Alabama Rules of Criminal Procedure
Rule 33. Contempt
Rule 33.3. Disposition of other contempts; citation; arrest; hearing; and sentence
(a) OTHER CONTEMPTS. Except as provided in Rule 33.2(a), no person shall be found in contempt without a hearing held after a citation of the charge is given.
(b) CITATION. The citation shall:
(1) Be in writing and state that the person to whom it is directed is cited for contempt of court;
(2) Order that the person cited appear before the court to show cause why he or she should not be found in contempt of court as charged or should not be punished or incarcerated as provided by law;
(3) State the essential facts constituting the contempt cited; and
(4) Specify the time and place of the hearing.
(c) ARREST. A person cited to appear to show cause as provided in Rule 33.3(b) shall not be arrested unless the citation is accompanied by an arrest warrant issued in the same manner as provided in Rules 3.1(a) and 3.2(a).
(d) HEARING. The hearing shall be set so as to allow a reasonable time for the preparation of the defense. The contemnor shall be afforded the opportunity to present exculpatory evidence and evidence of mitigating and extenuating circumstances, shall be entitled to subpoena witnesses on his or her behalf, and shall be entitled to be represented by counsel as provided in Rule 6.
(E) SENTENCE. Sentence shall be pronounced in open court, in the presence of the contemnor, and not later than the latter of seven (7) days after completion of all proceedings under this rule, or the completion of the proceedings during which the contemptuous conduct occurred.
(f) RELEASE. The defendant is entitled to release as provided in Rule 7.
Committee Comments As Amended Effective July 1, 1994
Rule 33.3 provides for disposition of constructive contempts. A person may not be found in contempt under Rule 33.3 unless the person has received notice of the charge and has had an opportunity for a hearing. This requirement comports with both Alabama law and Federal constitutional law.
In Cooke v. United States, 267 U.S. 517 (1925), the United States Supreme Court held that, except in prosecutions for contempt committed in open court, due process of law requires that the accused be advised of the charges and have a reasonable opportunity to meet them by way of defense or explanation. The Court added, “We think this includes the assistance of counsel, if requested, and the right to call witnesses to give testimony, relevant either to the issue of complete exculpation or in extenuation of the offense and in mitigation of the penalty to be imposed.” 267 U.S. at 537. Although this requirement has not been imposed upon the states by the Fourteenth Amendment, the Alabama Supreme Court has adopted the language of the Cooke decision. Hunter v. State, 251 Ala. 11, 37 So.2d 276 (1948). In State ex rel. Payne v. Empire Life Insurance Co., 351 So.2d 538 (Ala.1977), and Parcus v. Parcus, 615 So.2d 75 (Ala.Civ.App.1992), Alabama’s appellate courts have recognized that, upon request, an accused in a contempt proceeding is entitled to assistance of counsel.
The Alabama cases state the general rule that where a person is charged with constructive contempt, the person must be afforded due process of law, namely notice of the charge and an opportunity to be heard. Ex parte Bankhead, 200 Ala. 102, 75 So. 478 (1917); Hunter v. State, supra; In re Tarpley, 293 Ala. 137, 300 So.2d 409 (1974). The procedure required is that outlined in Cooke v. United States, supra. The purpose of Rule 33.3 is to formalize these due process requirements.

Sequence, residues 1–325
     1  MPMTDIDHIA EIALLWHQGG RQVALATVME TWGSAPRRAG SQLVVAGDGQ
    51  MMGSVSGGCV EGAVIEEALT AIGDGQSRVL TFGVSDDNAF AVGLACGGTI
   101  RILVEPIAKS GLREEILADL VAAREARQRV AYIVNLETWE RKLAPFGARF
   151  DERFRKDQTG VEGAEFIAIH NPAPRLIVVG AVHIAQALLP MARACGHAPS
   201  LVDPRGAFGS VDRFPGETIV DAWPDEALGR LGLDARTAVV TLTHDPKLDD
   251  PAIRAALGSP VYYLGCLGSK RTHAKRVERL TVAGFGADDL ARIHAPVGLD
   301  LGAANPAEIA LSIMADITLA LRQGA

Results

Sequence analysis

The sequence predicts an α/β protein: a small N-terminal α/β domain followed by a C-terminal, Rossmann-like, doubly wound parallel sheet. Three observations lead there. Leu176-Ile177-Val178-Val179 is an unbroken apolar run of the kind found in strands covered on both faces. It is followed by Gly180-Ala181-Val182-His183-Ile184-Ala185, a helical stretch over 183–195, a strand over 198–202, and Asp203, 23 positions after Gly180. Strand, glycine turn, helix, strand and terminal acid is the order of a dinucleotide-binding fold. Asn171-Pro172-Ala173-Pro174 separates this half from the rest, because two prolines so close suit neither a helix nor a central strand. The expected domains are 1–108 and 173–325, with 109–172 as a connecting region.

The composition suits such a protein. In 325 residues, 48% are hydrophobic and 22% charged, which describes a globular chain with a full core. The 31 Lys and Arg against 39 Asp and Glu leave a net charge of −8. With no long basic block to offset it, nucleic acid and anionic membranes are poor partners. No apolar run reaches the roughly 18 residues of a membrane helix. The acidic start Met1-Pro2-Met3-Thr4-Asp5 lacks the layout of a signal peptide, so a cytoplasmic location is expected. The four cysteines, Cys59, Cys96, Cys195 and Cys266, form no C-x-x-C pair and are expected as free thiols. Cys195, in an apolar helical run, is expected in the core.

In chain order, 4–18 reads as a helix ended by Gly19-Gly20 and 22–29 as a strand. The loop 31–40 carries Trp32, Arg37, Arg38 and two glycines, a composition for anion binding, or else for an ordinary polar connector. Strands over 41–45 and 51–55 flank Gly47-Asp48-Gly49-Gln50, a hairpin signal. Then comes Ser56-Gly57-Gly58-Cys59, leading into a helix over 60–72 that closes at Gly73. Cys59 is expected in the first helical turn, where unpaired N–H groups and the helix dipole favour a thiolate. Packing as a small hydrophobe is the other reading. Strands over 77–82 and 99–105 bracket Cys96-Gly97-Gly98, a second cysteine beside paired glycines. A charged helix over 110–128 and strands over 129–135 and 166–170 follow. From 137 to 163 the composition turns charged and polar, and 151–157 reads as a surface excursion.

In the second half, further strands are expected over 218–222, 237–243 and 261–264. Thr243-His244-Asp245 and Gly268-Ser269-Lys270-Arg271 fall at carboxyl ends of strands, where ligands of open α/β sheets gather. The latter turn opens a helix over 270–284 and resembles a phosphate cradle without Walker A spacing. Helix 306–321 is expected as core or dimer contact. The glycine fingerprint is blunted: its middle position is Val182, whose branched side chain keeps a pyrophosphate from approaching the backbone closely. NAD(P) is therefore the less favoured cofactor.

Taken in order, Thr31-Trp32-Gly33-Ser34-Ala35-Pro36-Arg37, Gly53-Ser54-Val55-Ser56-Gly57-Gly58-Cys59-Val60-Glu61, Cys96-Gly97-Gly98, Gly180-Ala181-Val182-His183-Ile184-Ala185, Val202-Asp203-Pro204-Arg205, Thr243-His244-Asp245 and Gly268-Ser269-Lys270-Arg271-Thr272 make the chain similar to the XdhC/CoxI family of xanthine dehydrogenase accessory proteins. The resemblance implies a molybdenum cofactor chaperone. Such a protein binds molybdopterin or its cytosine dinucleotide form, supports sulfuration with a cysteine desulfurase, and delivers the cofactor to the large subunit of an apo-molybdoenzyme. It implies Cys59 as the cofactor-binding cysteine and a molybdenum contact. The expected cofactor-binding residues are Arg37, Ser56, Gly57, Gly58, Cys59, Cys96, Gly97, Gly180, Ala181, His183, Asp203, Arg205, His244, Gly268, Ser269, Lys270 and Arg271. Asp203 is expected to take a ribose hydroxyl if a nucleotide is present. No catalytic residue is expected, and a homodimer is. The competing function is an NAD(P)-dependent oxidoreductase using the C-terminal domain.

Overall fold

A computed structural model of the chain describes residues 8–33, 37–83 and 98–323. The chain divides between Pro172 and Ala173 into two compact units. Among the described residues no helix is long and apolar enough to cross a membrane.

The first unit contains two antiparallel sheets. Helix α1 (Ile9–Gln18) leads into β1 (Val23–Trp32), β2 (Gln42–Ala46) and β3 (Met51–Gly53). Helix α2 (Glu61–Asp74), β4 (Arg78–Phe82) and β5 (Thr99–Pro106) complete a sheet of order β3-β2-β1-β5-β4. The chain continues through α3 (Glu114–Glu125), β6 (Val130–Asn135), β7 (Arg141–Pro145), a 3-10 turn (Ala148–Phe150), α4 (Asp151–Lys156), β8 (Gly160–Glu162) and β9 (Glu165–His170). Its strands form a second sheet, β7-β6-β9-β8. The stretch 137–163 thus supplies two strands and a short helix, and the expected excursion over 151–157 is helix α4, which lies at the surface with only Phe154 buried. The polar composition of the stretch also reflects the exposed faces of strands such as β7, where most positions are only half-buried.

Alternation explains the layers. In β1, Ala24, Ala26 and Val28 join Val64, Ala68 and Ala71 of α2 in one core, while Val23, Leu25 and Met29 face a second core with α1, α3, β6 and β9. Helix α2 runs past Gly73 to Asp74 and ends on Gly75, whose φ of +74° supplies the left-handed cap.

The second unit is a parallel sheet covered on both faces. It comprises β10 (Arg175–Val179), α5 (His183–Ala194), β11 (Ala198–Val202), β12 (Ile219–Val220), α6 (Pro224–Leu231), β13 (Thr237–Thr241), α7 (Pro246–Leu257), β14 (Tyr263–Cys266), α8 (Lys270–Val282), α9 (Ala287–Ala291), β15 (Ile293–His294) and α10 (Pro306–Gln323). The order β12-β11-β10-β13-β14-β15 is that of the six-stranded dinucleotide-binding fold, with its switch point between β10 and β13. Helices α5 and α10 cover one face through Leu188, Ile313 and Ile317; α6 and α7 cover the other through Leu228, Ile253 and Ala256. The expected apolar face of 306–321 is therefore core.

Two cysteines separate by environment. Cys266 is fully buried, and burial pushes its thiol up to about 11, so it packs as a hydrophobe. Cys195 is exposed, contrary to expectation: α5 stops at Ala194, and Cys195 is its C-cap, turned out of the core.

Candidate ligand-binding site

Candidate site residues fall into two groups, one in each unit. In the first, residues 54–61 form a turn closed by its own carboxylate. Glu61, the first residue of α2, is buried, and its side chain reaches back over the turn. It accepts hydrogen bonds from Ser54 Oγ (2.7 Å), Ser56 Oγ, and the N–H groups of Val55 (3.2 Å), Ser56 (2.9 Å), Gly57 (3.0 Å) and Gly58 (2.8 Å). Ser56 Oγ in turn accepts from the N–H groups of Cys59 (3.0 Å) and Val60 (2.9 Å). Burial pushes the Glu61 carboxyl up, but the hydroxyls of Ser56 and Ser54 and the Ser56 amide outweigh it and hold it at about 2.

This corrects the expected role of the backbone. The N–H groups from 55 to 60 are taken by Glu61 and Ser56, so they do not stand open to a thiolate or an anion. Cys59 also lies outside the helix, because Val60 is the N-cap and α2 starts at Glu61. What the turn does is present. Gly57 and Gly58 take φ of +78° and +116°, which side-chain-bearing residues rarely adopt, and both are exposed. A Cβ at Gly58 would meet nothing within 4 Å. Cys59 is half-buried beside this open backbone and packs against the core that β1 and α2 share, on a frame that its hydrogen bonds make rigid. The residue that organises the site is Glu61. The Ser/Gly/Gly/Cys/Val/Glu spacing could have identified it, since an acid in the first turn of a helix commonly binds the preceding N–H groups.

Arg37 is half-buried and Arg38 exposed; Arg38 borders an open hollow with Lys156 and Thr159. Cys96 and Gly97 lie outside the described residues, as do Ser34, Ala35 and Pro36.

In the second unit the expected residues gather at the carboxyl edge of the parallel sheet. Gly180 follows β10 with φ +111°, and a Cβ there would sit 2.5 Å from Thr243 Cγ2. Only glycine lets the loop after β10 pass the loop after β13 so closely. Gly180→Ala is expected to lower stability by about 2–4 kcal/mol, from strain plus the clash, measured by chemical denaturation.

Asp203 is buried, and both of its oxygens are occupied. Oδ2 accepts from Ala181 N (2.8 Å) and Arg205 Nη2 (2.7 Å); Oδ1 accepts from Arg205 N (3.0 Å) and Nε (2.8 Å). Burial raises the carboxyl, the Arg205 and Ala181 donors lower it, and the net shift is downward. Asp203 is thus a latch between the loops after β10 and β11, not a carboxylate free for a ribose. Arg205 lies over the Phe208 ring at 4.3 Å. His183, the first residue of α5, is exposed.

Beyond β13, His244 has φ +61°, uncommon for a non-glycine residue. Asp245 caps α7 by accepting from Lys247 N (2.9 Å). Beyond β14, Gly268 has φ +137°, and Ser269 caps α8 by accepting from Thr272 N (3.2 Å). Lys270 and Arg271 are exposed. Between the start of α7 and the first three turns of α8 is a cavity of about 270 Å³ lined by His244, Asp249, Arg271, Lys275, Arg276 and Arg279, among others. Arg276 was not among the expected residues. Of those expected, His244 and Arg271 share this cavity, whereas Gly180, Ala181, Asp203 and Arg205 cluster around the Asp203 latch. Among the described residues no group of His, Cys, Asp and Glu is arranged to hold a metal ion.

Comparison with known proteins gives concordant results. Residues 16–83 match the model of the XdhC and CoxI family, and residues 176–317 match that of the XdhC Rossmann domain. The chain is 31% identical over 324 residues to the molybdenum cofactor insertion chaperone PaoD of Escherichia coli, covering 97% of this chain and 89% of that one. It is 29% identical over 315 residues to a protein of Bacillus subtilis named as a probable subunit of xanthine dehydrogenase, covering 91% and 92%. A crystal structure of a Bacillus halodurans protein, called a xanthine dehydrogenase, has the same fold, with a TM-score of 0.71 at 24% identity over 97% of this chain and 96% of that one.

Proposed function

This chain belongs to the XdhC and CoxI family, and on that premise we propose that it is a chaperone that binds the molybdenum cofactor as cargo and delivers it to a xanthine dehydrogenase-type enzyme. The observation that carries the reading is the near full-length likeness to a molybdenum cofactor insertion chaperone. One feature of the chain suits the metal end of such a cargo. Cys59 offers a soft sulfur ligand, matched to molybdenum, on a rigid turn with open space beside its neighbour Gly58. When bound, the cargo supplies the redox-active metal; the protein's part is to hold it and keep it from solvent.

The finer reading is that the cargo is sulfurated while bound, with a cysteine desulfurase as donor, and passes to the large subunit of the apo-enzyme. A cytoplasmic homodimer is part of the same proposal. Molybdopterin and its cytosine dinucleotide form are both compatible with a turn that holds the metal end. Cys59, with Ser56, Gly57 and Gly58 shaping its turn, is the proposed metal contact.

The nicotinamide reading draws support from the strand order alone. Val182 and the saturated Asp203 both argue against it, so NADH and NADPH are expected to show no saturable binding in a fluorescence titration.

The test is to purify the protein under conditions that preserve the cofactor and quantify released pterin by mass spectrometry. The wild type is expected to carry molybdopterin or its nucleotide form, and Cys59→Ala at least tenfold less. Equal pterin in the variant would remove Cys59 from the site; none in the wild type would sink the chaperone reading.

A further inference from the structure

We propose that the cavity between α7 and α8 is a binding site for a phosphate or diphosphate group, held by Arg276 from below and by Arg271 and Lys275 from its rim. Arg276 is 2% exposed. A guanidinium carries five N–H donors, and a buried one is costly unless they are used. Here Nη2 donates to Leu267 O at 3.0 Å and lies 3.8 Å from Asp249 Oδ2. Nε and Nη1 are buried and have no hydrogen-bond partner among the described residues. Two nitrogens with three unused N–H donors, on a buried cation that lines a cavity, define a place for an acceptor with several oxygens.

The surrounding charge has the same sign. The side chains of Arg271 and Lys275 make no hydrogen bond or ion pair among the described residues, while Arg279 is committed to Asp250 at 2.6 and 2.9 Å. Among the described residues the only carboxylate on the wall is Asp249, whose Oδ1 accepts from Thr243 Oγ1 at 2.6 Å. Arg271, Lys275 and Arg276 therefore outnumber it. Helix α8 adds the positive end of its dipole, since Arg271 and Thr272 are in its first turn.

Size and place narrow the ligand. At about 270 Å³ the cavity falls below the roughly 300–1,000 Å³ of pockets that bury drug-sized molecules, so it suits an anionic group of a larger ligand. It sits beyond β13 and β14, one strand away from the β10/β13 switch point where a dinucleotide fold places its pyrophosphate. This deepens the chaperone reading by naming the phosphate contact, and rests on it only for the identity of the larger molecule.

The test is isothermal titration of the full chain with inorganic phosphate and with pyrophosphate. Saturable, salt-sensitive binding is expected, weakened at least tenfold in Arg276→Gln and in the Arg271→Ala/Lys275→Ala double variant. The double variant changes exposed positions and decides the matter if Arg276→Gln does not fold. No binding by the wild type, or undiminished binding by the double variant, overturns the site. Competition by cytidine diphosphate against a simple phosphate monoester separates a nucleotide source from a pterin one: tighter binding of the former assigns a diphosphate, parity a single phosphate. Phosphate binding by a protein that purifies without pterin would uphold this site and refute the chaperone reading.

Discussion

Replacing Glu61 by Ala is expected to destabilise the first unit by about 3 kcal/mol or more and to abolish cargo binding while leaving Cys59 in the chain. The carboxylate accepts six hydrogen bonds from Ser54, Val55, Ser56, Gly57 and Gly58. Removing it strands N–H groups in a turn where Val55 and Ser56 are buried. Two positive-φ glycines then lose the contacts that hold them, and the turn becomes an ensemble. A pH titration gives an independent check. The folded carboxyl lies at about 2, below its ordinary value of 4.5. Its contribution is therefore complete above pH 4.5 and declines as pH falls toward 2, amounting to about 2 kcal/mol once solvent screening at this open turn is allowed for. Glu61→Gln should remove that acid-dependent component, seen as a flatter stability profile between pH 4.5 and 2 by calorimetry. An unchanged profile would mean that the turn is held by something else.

Section (b) sets forth the notice requirement. The Alabama Supreme Court has been strict in this respect. In In re Tarpley, supra, the summons received by the petitioner gave actual notice of the hearing and stated that the purpose of the hearing was to afford the petitioner an opportunity to explain his absence from the courtroom when he was called as a witness. However, the Court held that since the summons did not contain the word “contempt,” the petitioner had no actual notice of the contempt charge or that the hearing was a contempt hearing. The Court added, “We must hold, therefore, that in a criminal case such as this, due process requirements must be rigidly adhered to….” 293 Ala. at 142, 300 So.2d at 414.
In Hunter v. State, supra, the Court indicated that a written accusation is necessary, and that it must apprise the accused of the exact nature of the charge and what the accused is called upon to defend. A formal accusation is essential to begin constructive criminal contempt proceedings, since the accusation takes the place of an indictment or information in a criminal case. Craddock v. Oliver, 23 Ala.App. 183, 123 So. 87 (1929); Robertson v. State, 20 Ala.App. 514, 104 So. 561 (1924).
In Graham v. City of Sheffield, 292 Ala. 682, 299 So.2d 281 (1974), the Court said that although usually proceedings for indirect criminal contempt must be initiated by accusation, pleading, or affidavit, formal pleading may be unnecessary as long as the accused has actual notice of the charge and is afforded a hearing. A court may on its own motion institute an indirect contempt proceeding. The rule does not require that the mere citation be supported by affidavit.
Section (c) requires that, in order for the person accused of contempt to be arrested rather than merely cited to appear, there must be an accusation under oath from which the magistrate can determine probable cause.